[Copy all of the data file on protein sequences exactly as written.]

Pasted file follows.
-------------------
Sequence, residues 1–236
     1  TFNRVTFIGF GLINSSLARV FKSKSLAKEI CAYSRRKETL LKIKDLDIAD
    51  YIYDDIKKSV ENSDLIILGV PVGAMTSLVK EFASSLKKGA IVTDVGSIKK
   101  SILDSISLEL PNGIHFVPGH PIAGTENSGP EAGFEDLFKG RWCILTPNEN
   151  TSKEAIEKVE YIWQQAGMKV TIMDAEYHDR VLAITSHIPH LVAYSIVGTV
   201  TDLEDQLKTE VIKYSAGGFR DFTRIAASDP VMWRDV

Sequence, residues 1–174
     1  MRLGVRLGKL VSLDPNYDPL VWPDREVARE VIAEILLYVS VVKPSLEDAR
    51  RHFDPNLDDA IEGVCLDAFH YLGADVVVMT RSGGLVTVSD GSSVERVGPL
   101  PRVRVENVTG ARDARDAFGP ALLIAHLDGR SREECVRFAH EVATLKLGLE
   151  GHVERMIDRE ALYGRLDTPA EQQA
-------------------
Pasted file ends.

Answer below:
Sequence, residues 1–236
     1  TFNRVTFIGF GLINSSLARV FKSKSLAKEI CAYSRRKETL LKIKDLDIAD
    51  YIYDDIKKSV ENSDLIILGV PVGAMTSLVK EFASSLKKGA IVTDVGSIKK
   101  SILDSISLEL PNGIHFVPGH PIAGTENSGP EAGFEDLFKG RWCILTPNEN
   151  TSKEAIEKVE YIWQQAGMKV TIMDAEYHDR VLAITSHIPH LVAYSIVGTV
   201  TDLEDQLKTE VIKYSAGGFR DFTRIAASDP VMWRDV

Sequence, residues 1–174
     1  MRLGVRLGKL VSLDPNYDPL VWPDREVARE VIAEILLYVS VVKPSLEDAR
    51  RHFDPNLDDA IEGVCLDAFH YLGADVVVMT RSGGLVTVSD GSSVERVGPL
   101  PRVRVENVTG ARDARDAFGP ALLIAHLDGR SREECVRFAH EVATLKLGLE
   151  GHVERMIDRE ALYGRLDTPA EQQA